Johnthan Banks Scouting Report: NFL Outlook for Mississippi State CB
Second Round: 43rd Pick
At one point, Johnthan Banks was considered an early first-round draft pick. He isn't as highly thought of anymore, but he is still a legitimate prospect.
Banks played cornerback at Mississippi State, but some project him to play safety in the NFL. Does he have the skills to be an early pick at cornerback, or is he doomed to switch positions? Just how high can Banks go in this draft, and where should he be?
Measuring in at 6'1" with 33 7/8" arms, Banks has terrific natural length. He plays with natural awareness and is adept at reading both the quarterback and wide receivers when in coverage. Banks is fairly smooth for such a tall cornerback, and he rarely struggles to turn in coverage.
He is natural at attacking toward the ball, be it against a run or a short pass play. Banks shows strong burst in charging toward the line of scrimmage and is a reliable tackler. When asked to, he showed a quick punch in press coverage.
Banks has rarely played in man coverage or pressed at the line of scrimmage. He has little experience backpedaling and will need to revamp his footwork. His lack of speed is an issue—wideouts run away, and Banks struggles to close any ground.
Banks needs to add strength to effectively cover bigger wide receivers and press at the line of scrimmage. At his current size, he is simply too weak and can be overpowered.
Banks' height and length are both solid natural assets. His lack of speed is not, however. At the NFL Scouting Combine, Banks ran just a 4.61 in the 40-yard dash. He is otherwise fairly athletic and quick, though. He needs to add strength but possesses the frame for additional weight.
Banks was a four-year starter at Mississippi State in addition to being a team captain. He has never been in trouble off the field. There is nothing but good information publicly available about Banks' character and intangibles.
At Mississippi State, Banks played off the line of scrimmage in zone coverage. He rarely pressed at the line and was almost never forced to use a backpedal. He instead played off, reading the quarterback in coverage.
Playing the Ball
This is perhaps Banks' biggest strength. He is superb at reading the quarterback, determining where the ball is going and breaking for it. One moment, Banks will be on the back of his feet, reading a play, and the next, he will be moving to the ball even as the quarterback throws it.
Banks is also capable of jumping up for a ball and adjusting in midair. His jumping ability, height and length are all helpful here, as he successfully times jump balls. He possesses strong hands and doesn't often drop an interception.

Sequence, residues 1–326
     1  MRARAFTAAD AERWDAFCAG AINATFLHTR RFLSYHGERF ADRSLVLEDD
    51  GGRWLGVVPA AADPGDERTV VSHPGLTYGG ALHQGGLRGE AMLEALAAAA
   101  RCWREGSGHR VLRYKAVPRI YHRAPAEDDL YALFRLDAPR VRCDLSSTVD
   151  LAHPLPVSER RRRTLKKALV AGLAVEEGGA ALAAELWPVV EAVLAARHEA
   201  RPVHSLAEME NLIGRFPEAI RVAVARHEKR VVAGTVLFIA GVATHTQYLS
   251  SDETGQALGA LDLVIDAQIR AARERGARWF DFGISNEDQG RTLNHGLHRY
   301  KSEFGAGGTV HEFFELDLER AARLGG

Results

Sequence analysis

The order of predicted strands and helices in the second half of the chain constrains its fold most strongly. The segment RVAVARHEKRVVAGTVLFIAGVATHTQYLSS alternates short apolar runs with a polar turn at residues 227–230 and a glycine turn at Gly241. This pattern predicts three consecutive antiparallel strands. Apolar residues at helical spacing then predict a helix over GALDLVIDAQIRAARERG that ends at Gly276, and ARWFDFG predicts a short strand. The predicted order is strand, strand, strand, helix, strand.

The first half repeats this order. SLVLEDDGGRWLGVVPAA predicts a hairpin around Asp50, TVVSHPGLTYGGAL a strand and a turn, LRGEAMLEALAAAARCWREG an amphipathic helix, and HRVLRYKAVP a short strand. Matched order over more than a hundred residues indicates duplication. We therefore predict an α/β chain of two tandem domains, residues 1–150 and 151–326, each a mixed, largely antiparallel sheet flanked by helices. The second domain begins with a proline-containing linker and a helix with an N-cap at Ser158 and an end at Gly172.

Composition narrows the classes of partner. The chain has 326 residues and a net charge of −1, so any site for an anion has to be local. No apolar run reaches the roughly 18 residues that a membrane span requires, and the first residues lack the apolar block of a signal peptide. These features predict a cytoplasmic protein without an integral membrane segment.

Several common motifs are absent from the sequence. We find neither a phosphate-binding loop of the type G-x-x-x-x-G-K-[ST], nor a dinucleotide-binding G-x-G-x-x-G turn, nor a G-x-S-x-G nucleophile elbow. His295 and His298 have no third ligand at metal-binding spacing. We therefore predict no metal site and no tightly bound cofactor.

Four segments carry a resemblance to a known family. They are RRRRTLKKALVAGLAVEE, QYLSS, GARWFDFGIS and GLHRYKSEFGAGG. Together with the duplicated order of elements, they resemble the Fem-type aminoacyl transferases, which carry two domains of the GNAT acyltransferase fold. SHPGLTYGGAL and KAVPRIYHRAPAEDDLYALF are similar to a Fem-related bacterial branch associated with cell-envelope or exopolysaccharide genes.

Against the Run
Banks is quick to charge against the run, and he is a solid tackler. He explodes toward the ball, doing anything he can to bring down the ball-carrier. Few cornerbacks show such aggression in run support.
Banks does, however, need to add strength to better disengage from blockers. He will be dominated by a stronger wideout at times.
This is not the best use of Banks' skills. At Mississippi State, he rarely played in man coverage, and he is raw there. Banks almost never showed a backpedal and would have to improve his footwork there.
He also lacks the speed to run with many wideouts downfield, and his somewhat tight hips don't help here either. Banks needs to gain strength in order to press at the line of scrimmage. Right now, he has a surprisingly quick jam, but more strength would help him push wide receivers off balance.
Banks will be drafted for his play in zone. He is excellent at reading the quarterback's eyes and breaking to the ball even as it is thrown. Banks explodes to the pass with surprising burst. He shows a knack for finding the ball and bringing it in for an interception.
Banks is a strong tackler. He occasionally lunges, but he usually brings his target down to the ground. A few more pounds would be helpful here; however, Banks is already one of the best tackling cornerbacks in this draft and can tackle running backs or wide receivers without too much concern.
Banks needs to work on staying low when moving backward. He often plays too high, hindering his ability to quickly swivel his hips and adjust with the wide receiver. Banks can also be too aggressive at times as he tries to make a play on the ball. He will overpursue passes, allowing big plays to happen.
Future Role/Scheme Versatility
Banks should play cornerback in a zone defense. In zone, he shows the ability to make plays and create turnovers. Zone defense also limits the damage done by his lack of speed and overall athleticism. Banks could also move inside to free safety, where his zone-coverage abilities would be similarly used.
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